April was a ridiculously productive reading month. I still don’t quite know why. I guess it’s because there were so many books I was excited to read and because I used reading as a reward for getting my work done.
Here’s what I read in April, with a brief description of each.
- So You’ve Been Publicly Shamed (Jon Ronson) – didn’t love it. I felt like this was a book that could have been a magazine article. However, if you are a big Jon Ronson fan, I’m sure you’d enjoy it. I preferred The Psychopath Test and Nonsense: the Power of Not Knowing.
- The Distant Hours (Kate Morton) – This story is set in England and flashes back to the 1930s. Mysterious, but not a mystery, with an unexpected twist at the end. I enjoyed it.
- Drive: The Surprising Truth About What Motivates Us (Daniel H. Pink) – this is a nonfiction book looking at motivation and our system of rewards in current employment. I read this for class and found it fascinating.
- Rising Strong (Brene Brown) – this is the second book of Brown’s that I read. It is about overcoming adversity. I love her sociologist’s perspective. although I could have done without all the anecdotes. Just give me the data.
- After You (JoJo Moyes) – This is a must-read for anyone who cried through Before You. Although I find the arc a bit too unbelievable, it provided the resolution I needed and I was pleased.
- Four Seasons in Rome: On Twins, Insomnia and the Biggest Funeral in the History of the World (Anthony Doerr) – this was a fun memoir. Doerr reflects on the year he lived in Italy while writing. The funeral refers to the death of the Pope. What I loved best about this was that the book he was supposed to be writing during this year was All the Light We Cannot See, which I loved. A fun, short read.
- The Hole in our Gospel: What Does God Expect of Us (Richard Stearns) – challenging and convicting. Written by the president of World Vision.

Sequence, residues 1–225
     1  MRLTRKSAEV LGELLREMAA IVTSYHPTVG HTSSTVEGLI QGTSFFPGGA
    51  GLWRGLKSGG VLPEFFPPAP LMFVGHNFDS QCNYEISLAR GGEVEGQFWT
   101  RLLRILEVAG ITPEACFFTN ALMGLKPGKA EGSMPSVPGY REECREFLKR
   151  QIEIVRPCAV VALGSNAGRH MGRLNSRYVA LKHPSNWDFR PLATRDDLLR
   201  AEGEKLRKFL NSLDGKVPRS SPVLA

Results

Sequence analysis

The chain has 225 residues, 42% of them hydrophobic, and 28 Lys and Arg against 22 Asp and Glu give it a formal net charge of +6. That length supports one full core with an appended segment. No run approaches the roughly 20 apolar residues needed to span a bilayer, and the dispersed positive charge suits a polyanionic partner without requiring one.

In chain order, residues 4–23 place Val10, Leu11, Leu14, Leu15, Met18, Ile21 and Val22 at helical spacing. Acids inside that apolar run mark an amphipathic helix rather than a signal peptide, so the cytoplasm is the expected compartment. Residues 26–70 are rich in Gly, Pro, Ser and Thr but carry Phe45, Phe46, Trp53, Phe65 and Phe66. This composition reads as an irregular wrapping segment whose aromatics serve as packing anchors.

- The Kitchen House (Kathleen Grissom) – I absolutely loved this historical fiction novel set in Virginia in 1810. It tells the story of the antebellum South through the eyes of Belle, a slave whose father is the plantation owner, and Lavinia, a white indentured servant on the same plantation.
- Pretty Baby (Mary Kubica) – This was a really interesting suspense novel. I could not put this book down. It tells the story of what happens when a middle aged woman struggling with infertility and depression takes in a homeless girl with a baby. Where it goes…you would never expect.
- The Grownup (Gillian Flynn) – I hated everything about this. It’s a short story and I read it in half an hour. If it had been any longer I would have stopped reading.
- Glory Over Everything: Beyond the Kitchen House (Kathleen Grissom) – this is the sequel to The Kitchen House. I loved it because it provided some resolution to some loose ends in the first book, but since the main characters are male, it didn’t resonate with me as much.
- Garden City: Work, Rest, and the Art of Being Human (John Mark Comer) – a great, Christian, grace-filled perspective on keeping the Sabbath.
- Looking for Lovely: Collecting Moments that Matter (Annie F. Downs) – oh, Annie. This book spoke to my heart more than any other book I’ve read this year. My only criticism is that I wish she’d added more Scripture. It’s memoir in every sense.
- The Forgetting Time (Sharon Guskin) – This debut novel tells the story of a single mom whose four-year old son suddenly starts “rememebering” things he never experienced. Unique and captivating.
My Top 3: Drive, The Kitchen House, Looking for Lovely